Hope this helps.


I would assume the DEVICE event is produced by the controller itself, sent to the cloud, with the cloud marking the schedule started based on it at a slightly later time due to network lag. That or time sync issues where controller runs at slightly different time than cloud. But I’d put my money on the former. In both cases my educated guess is that the DEVICE prefixed event is generated and timestamped by the controller, while the other is generated and timestamped by a cloud service.

Can you redo this experiment but giving each zone at least a minute to run? let’s put some space between them events, so we get more clarity.

I would bet that the endTime of the schedule started is synthetically generated as the actual timestamp of the schedule ended event.

I’ve also noticed discontinuity in timestamps throughout the API. Some are pre-formatted to human readable time and some are in Unix milliseconds with a timezone offset in milliseconds. I would rather see everything in Unix epoch for uniformity and let me (a developer) structure the datestamp with struct time.

To reformat a timestamp that is zulu time to how I want it formatted requires split, replace, or even a regex. All of that can be avoided if it was in Unix time like the rest of the API.

Thankfully the API includes my timezone preference and correct offset allowing me to join them to create my correct local time. Whoever works on the API, thank you for including the TZ offset, that definitely helps.

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I agree unix epoch is the best machine readable format. Also, APIs are meant for machines by design, so… :innocent:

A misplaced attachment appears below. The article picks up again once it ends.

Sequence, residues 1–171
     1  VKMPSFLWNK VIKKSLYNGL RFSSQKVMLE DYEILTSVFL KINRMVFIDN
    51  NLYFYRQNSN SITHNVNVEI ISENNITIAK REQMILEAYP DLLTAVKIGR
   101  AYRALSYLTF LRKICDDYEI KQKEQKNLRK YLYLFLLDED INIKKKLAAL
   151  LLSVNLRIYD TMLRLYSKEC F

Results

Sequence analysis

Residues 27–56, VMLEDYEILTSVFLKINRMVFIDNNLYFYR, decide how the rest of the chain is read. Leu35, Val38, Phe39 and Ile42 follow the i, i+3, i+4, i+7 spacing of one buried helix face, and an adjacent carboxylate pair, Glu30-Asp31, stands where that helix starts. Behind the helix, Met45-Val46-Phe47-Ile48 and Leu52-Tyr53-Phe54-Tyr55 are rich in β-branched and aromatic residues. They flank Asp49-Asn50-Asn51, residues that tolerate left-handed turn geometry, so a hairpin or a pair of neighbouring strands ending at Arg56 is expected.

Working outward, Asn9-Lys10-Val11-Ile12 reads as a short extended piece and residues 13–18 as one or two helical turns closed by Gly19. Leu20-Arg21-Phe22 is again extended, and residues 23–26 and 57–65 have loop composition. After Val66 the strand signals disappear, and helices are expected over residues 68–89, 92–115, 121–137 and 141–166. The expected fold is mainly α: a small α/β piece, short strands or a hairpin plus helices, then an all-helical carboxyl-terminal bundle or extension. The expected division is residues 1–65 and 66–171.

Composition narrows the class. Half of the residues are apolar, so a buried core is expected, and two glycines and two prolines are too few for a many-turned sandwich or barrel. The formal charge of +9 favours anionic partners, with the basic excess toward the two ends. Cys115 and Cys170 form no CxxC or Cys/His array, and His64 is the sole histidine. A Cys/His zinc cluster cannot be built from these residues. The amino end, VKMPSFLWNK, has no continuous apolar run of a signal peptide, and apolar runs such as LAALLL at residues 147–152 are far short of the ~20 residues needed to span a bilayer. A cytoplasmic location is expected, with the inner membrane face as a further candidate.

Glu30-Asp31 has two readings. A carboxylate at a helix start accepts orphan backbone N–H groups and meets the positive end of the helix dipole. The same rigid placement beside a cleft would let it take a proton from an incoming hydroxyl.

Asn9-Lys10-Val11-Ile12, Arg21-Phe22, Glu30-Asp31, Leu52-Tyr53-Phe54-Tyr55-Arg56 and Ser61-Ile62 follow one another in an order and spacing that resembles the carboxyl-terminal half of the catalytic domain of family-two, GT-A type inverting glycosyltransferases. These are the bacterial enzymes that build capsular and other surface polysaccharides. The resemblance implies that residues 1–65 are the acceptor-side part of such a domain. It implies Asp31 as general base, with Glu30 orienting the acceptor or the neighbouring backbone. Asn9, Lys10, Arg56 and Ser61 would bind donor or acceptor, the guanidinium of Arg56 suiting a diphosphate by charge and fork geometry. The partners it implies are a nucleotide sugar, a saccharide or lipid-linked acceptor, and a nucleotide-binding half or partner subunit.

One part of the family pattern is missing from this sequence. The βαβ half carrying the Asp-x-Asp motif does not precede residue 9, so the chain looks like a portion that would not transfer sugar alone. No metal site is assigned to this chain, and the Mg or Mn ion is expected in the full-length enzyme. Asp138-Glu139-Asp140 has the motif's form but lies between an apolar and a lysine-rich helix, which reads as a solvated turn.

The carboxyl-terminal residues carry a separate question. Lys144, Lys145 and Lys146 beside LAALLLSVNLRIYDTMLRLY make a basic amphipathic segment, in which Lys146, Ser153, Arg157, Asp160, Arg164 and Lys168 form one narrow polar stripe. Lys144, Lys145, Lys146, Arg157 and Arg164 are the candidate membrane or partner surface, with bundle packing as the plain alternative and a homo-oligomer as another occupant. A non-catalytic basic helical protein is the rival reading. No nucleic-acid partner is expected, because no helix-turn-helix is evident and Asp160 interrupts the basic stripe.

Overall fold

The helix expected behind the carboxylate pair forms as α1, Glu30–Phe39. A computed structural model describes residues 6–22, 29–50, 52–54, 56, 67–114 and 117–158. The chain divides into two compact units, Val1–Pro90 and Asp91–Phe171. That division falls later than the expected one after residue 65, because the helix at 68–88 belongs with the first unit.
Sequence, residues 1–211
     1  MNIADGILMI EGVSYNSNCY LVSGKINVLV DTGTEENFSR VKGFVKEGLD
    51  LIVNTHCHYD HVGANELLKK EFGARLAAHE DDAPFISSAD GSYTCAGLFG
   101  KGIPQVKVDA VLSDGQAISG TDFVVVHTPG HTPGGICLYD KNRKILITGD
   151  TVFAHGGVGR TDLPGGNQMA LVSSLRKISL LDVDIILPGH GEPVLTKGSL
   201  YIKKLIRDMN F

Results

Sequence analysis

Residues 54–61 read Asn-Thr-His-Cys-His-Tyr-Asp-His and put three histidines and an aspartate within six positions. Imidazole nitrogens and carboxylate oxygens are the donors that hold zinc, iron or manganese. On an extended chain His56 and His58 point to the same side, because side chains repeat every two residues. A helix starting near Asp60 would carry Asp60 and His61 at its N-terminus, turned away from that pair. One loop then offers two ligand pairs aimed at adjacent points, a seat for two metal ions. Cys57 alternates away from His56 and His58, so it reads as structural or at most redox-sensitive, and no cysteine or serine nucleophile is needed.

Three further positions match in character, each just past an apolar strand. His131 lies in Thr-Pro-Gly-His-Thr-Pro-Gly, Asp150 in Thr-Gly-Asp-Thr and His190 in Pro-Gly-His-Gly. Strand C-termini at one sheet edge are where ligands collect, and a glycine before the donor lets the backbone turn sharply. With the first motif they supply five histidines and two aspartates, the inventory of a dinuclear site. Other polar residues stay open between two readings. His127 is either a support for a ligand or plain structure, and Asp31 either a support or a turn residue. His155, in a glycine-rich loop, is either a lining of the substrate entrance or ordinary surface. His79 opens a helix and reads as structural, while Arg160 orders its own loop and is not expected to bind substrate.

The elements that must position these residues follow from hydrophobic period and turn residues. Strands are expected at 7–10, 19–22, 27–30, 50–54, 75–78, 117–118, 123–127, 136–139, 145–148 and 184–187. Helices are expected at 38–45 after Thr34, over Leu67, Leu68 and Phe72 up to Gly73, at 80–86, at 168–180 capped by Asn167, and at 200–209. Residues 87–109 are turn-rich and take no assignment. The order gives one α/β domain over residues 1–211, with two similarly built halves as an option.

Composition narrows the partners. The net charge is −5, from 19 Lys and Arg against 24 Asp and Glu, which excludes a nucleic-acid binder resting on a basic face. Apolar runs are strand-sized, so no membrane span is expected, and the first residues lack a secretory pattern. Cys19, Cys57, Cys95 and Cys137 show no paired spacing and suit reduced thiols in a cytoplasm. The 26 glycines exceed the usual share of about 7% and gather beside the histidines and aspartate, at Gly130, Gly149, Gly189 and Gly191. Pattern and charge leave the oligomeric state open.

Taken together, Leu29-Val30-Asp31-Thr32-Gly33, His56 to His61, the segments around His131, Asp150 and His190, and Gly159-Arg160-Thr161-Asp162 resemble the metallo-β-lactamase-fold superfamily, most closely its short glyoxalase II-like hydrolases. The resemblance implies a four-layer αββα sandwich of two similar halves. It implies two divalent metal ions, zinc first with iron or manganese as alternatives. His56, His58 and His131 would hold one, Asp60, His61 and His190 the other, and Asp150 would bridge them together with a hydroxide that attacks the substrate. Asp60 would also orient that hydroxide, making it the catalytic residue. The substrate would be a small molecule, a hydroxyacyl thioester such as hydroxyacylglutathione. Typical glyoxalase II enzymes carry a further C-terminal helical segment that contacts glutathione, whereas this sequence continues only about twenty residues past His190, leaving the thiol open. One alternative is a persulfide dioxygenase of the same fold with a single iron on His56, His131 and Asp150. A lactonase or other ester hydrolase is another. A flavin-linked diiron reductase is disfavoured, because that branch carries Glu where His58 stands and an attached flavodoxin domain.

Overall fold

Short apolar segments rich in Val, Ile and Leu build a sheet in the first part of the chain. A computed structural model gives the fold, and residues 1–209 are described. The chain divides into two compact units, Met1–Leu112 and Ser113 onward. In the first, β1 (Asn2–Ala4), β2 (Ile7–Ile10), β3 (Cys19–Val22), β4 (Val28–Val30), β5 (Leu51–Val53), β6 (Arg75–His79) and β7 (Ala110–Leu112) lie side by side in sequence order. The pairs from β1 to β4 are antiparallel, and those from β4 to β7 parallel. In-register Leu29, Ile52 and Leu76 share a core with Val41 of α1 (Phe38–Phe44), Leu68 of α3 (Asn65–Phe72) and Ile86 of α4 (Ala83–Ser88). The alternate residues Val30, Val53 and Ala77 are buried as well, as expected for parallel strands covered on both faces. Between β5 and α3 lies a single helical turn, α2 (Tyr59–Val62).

Here’s a good example. The response header is in human readable time but not in a format that is easy to rearrange. It’s the only response that returns the time of the request.

Response Headers:
| Date: Tue, 25 Jun 2024 16:30:35 GMT
| Maximum Daily Requests: 1700
| Today’s Requests: 134
| Remaining Requests: 1566
| Limit Reset: 2024-06-26T00:00:00Z
| Content Type: application/json

Because the response is in GMT there’s no easy way to reformat it for a timezone offset. That’s a bit frustrating. I would have to deconstruct the date output, slice it up, and reformat it, an arduous and unnecessary process when all other timestamps in the main data response are in unix time.

Here are some examples from data responses that are all in unix time and there are many per zone in scheduleRules.
‘startDate’: 1718596800000
lastWateredDate’: 1719039601000
‘createDate’: 1718677323000

I would much rather have the Date in Unix time or another response header specifically for unix time. That way I can display the time of the latest API polling request on the touchscreen display and in the struct format that I choose.

I mean even within the response headers there’s discontinuity of timestamp formatting between Date: and Limit Reset:. :roll_eyes:

Well, the Date header is following a standard set in RFC2616 section 3.3 - which calls for that exact format and GMT.